Narration is closely connected to Point of View. You choose your narration and how close you will be in the character's head. For the purposes of this post I will talk a bit about Omniscient narration and Non-Participating narrator.
Omniscient narration is when the story is told from the perspective of someone all-seeing. Someone who knows everything going on in everyone's head and what has happened, is happening, and will happen. You as the writer know this, of course, and if you're an advanced writer you may be able to pull this off, but for beginners it's all too easy to slip into author intrusion -- where you, the author, insert your viewpoint and attitudes on events rather than let them unfold.
An Example of Author Intrusion: "I want a divorce," Julio said to Maria. In the next paragraph it might read: In Mexico, during the 1820s such things just weren't done.
You can see the information provided takes the reader out of the scene. It's an intrusion. This takes a lot of skill to pull off and my professional advice is to stay clear of such statements.
Another style of narration is the Non-participating Narrator. While this used to be rather stylish, it has lost popularity. This type of narrator is a bystander who watches and reports the events without being involved in the story. The problem with this type of narration is the narrator gets in the way of the story sometimes because you can't see the story itself without him/her telling you what's happening.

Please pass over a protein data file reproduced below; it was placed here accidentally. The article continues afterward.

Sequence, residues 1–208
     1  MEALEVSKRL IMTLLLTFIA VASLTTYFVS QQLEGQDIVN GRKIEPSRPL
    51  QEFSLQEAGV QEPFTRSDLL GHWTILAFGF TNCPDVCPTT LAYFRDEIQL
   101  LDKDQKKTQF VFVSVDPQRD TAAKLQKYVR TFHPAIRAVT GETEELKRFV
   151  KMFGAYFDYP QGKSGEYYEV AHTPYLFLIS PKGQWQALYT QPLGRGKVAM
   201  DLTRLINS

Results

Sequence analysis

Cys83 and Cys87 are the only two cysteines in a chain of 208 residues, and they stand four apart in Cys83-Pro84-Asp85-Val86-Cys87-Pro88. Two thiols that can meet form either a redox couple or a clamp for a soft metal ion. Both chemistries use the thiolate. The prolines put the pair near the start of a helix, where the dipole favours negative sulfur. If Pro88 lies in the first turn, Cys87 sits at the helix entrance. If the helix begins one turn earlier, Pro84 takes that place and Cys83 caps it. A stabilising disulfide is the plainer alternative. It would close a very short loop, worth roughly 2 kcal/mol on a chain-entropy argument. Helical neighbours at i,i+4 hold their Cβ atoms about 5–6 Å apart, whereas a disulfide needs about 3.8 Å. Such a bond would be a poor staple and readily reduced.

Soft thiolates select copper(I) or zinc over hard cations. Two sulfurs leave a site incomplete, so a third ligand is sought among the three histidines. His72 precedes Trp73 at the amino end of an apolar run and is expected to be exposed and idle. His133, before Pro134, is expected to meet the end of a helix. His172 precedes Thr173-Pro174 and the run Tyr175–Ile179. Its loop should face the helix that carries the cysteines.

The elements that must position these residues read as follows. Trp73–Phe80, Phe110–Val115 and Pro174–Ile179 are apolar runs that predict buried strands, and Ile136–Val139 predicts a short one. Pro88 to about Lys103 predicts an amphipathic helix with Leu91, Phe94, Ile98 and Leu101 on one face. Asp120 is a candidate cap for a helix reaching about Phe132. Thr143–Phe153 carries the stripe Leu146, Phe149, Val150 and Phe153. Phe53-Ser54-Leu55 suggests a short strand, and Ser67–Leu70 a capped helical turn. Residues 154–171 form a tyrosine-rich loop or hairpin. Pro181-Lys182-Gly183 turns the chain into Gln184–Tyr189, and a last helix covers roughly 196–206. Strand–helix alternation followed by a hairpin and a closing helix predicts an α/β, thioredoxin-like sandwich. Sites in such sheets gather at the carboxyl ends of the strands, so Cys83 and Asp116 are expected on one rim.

The current trend is either first person point of view narration or the more popular third person point of view narration. I'll be talking about this under P is for Point of View.
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Remember writing is a process. Keep writing, keep learning, and celebrate wherever you are on your journey.